THE SIN OF PUBLIC CORRUPTION.
[To THE EDITOR or THE " SPECTATOR."]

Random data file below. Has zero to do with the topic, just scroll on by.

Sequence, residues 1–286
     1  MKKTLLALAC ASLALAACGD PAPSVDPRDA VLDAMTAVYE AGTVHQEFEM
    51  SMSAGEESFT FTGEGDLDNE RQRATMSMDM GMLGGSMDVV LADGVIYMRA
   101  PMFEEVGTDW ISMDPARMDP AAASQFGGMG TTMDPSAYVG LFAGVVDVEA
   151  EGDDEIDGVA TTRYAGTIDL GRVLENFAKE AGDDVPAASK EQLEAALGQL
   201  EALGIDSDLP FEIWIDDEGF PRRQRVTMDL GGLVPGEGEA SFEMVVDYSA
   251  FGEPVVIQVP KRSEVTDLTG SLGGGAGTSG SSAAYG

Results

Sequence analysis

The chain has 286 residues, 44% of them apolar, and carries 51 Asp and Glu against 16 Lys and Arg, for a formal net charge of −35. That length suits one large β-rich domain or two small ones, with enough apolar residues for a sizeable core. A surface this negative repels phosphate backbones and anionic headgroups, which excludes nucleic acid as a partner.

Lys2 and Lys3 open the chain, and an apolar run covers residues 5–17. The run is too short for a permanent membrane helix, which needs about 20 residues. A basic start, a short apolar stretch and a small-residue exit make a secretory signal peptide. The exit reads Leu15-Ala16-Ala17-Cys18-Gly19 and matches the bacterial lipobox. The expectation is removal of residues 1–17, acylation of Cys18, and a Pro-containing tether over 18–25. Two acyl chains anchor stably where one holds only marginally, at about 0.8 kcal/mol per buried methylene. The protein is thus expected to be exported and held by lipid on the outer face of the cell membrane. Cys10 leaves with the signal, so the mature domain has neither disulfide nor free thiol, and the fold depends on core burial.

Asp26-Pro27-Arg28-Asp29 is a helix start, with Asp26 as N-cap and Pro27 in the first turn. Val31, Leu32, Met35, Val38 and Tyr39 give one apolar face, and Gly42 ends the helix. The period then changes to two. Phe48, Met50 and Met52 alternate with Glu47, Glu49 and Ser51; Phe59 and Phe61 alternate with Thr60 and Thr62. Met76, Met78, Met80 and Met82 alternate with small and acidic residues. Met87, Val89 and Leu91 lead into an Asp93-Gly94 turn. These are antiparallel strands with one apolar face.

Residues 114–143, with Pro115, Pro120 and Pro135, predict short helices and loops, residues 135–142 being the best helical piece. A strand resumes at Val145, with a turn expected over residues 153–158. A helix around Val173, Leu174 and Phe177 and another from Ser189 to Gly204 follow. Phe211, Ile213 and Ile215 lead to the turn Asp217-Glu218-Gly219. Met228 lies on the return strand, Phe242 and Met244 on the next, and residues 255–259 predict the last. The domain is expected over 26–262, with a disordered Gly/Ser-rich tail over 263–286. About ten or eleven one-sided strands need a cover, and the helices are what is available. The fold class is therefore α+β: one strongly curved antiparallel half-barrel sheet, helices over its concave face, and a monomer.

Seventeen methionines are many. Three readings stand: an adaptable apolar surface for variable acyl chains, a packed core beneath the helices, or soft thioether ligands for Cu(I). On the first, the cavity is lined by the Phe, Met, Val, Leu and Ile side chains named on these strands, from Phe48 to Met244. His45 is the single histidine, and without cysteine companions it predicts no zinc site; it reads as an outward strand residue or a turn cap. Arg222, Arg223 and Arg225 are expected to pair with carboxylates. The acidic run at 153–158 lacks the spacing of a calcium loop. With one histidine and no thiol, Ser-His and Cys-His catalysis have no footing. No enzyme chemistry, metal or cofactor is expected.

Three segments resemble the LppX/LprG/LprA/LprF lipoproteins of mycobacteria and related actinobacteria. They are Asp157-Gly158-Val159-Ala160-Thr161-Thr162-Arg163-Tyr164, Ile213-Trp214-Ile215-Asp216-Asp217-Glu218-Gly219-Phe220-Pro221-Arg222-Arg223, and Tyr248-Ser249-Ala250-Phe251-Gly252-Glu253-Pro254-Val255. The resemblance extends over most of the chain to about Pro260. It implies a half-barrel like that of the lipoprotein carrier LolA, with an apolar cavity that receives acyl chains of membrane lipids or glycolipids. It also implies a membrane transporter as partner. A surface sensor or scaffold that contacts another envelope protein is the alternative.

Ssa,—In your issue of October 28th there is an interesting article on this subject. The last sentence expresses the hope that " the country can trust to its leading politicians " to give their support to every necessary step " to purify our public services." In my opinion the essential preliminary is that the Government should • set an example, in its dealings with individuals, of that rectitude which you admit that many individuals display towards each other. The great reason why individuals do not act honestly towards the Government or Corporations is because they them- selves so often suffer from acts on the part of these authorities which would be considered dishonest and mean if the transactions were between individuals. The warrant giving the terms of service for officers joining the Army contains a clause by which the Government retains the power to vary the terms as it pleases. This power has often been exercised to the detriment of officers. (I refer to ante-bellum conditions. They may still exist.) Officials under local authorities may have their terms of service altered to their detriment and in spite of their contract, with no possibility of redress. The only alternatives are either to submit or to resign and start life afresh, perhaps after long years of service. Again, in the matter of Income Tax, Govenment systematically acts unjustly towards husband and wife. For Income Tax purposes their income is one, thus depriving them of the benefit of rebate or lower rates of taxation. If husband and wife are both earning, they must pay more than if they were brother and sister. On the other hand, when one of them dies, Death Duty has to be paid by the survivor as though they wero two persons. One could multiply instances of Government " scraps of paper," and it is the irritation caused by Government dishonesty which is at the bottom of the desire to " get a bit of one's own back " when oppor- tunity offers. The man who has been done out of a job at Pimlico for which he is eminently suitable, through the corrupt influence of Members at Westminster, will feel that he is entitled to retaliate. This is his only means of hitting back at Government. It has " neither body to be kicked nor soul to be damned," nor can he refuse to have further dealings with it as he can in the case of an individual. Two wrongs do not make a right, but blame should be apportioned where it is due.—I am, Sir, &c.,